When my wife and I decided to invest in a Tesla Powerwall, of course, we had a lot of hesitation. We knew that — based on the figures we’d run — that we were going to be very close to self-sufficient with power resulting in reducing our impact on the environment. What we didn’t know was just how close we would be and the financial impact that would have for our family.
3 months on, where are we now?
While your mileage on a solar battery will certainly vary, what we’ve experienced is nothing but positive. There is a constant feeling of satisfaction you feel when you know that you’re not drawing power from the grid. There’s a couple of reasons for that too… It’s not just the financial benefit you’ll feel come bill time, but there’s also the knowledge that you’re not drawing from the grid that might’ve come from dirty power generation.
This reduces your carbon footprint and that can only be a good thing.
Blackouts and Brownouts
We have also discovered (only by checking the app) that the area we live in is subject to semi-regular, short blackouts that would barely be enough for clocks to lose settings. Now that’s not a big deal in the grand scheme of things, but it’s a minor inconvenience to reset all the clocks that we no longer need to deal with.
How much power and money are we actually saving?
The short story is that on a week where there’s decent-to-good solar production, we’re saving nearly 100% on our previous power bill. Our power rates will be different in SA to other states, so for clarity sake: There is a daily service to property charge ($0.97), a cost of 36.06c per kWh purchased and a feed-in tariff of 15c/kWh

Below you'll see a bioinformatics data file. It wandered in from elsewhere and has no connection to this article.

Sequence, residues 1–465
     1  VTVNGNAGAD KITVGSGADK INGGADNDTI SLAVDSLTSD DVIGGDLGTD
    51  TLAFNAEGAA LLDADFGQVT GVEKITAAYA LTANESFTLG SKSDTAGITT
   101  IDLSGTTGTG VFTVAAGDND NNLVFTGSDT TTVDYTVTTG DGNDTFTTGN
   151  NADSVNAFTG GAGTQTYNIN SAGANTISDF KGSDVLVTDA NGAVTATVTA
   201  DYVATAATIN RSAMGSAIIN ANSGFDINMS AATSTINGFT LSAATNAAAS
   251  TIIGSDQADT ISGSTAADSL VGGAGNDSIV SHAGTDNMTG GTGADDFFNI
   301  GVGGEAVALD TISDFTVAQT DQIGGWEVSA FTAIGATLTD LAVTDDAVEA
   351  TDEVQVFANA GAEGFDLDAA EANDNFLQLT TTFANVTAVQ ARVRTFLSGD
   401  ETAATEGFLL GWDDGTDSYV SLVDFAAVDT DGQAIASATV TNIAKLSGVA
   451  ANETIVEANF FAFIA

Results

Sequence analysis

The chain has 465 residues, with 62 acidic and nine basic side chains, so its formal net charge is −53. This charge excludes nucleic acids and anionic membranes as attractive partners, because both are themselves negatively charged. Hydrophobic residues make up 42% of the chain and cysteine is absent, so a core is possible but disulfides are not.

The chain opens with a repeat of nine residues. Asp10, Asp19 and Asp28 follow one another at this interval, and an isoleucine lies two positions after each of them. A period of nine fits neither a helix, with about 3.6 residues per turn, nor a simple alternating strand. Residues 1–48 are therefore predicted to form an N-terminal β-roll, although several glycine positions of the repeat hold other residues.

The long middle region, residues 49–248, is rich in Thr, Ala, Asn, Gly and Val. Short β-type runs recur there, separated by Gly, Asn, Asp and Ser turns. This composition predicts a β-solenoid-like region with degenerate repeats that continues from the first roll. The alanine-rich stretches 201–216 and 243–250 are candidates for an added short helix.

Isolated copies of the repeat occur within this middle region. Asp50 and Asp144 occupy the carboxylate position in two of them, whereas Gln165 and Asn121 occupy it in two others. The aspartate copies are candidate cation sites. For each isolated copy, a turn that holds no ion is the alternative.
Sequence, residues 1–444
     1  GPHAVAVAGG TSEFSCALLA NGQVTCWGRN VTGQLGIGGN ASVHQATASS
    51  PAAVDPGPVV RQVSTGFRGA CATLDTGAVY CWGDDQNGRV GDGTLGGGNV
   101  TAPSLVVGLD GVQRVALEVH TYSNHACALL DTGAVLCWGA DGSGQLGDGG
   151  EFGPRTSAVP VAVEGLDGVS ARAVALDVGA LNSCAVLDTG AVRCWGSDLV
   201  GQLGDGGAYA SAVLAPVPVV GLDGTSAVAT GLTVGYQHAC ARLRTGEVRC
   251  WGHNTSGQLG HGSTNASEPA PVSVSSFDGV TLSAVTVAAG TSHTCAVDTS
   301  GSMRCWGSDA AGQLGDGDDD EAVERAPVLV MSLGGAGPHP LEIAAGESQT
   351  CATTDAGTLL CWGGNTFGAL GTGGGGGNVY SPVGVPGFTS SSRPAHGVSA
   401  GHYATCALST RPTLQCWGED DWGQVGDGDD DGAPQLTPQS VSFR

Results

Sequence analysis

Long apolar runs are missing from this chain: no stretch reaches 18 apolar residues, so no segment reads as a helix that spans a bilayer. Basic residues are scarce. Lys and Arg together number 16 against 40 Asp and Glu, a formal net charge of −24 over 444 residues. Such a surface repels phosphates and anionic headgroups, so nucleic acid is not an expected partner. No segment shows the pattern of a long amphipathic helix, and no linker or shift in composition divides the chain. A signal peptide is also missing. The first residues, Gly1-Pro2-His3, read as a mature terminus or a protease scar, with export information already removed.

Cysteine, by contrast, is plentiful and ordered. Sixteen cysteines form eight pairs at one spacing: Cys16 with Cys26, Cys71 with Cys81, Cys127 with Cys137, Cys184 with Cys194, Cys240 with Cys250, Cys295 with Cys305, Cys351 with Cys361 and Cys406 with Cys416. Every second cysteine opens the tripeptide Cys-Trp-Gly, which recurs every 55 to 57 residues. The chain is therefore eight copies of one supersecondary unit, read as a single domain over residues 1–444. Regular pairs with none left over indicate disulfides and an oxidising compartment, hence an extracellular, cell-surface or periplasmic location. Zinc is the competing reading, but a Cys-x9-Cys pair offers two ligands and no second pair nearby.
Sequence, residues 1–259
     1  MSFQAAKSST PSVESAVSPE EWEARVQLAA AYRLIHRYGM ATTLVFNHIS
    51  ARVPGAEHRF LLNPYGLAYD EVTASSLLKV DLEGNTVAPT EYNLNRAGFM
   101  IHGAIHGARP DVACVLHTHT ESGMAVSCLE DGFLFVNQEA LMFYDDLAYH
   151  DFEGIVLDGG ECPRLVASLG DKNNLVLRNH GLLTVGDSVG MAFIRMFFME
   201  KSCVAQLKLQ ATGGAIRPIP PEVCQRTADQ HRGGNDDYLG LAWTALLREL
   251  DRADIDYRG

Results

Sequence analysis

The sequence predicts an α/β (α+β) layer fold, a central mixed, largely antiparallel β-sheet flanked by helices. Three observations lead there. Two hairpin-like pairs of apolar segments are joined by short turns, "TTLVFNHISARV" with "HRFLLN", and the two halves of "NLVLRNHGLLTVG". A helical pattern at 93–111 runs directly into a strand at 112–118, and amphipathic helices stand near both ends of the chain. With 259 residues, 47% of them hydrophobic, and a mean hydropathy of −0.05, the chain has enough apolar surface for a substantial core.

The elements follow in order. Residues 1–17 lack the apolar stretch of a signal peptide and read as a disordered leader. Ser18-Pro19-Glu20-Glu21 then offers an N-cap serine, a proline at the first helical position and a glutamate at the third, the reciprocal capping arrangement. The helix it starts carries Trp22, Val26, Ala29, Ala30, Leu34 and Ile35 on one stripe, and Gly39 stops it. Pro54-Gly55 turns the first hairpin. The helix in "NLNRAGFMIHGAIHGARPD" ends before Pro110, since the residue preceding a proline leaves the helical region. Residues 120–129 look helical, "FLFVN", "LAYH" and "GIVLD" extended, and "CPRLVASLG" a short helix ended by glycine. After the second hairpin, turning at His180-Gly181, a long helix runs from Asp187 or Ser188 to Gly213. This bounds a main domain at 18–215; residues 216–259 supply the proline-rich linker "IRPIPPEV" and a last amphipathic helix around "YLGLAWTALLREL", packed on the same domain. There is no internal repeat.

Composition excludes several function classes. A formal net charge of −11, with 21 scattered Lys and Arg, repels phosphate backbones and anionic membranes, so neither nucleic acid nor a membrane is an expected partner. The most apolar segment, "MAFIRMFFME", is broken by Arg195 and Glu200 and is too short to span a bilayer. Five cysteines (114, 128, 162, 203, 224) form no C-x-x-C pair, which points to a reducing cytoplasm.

Across the last 3 full months since installation, we’ve had great figures in terms of near self-sufficiency from our solar as you can see from the app data.
But this only tells part of the story, as we have still pulled little bits of power from the grid across the months. So we’re incurring cost there, but not a lot ($24.58 for 3 months worth of power is nice!) and that’s resulted in our power bill reducing significantly despite having had solar for over 7 years. When you compare this to the previous two quarters bills averaging a cost of $180.00 that’s a significant turn around.
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Would I recommend others to get a solar battery?
There are a number of variables to consider here because a solar battery is a big investment. In some states, there are really good rebates on the purchase for all, while others have means-tested rebates. South Australia has further rebates if you’re willing to become a part of the Virtual Power Plant.
In our case in South Australia, with VPP payments our last 3 months bill turns from a $25 bill into a $630.00 credit totalling a financial return of roughly $810.00 per quarter. Across 2 years that makes our $8,990.00 out of pocket investment near cost-neutral after 2 years before the VPP payments stop. Your access to these rebates will vary, so speak with local suppliers to get a clear picture of what you can get locally.
Your geographic location (what state you’re in and how much sun you get) and solar system capacity will also make a significant difference to the decision you make. If you’ve got primarily east/west facing roof space then you may not produce enough excess energy to fully charge the battery which does defeat the purpose of buying one.
If you’ve got the roof space, solar system capacity and finances to invest in a solar storage option then yes, do it. There are significant financial benefits, a reduction in environmental impact — potentially, total self-sufficiency in power production — and the huge bonus of no longer needing to worry about blackouts.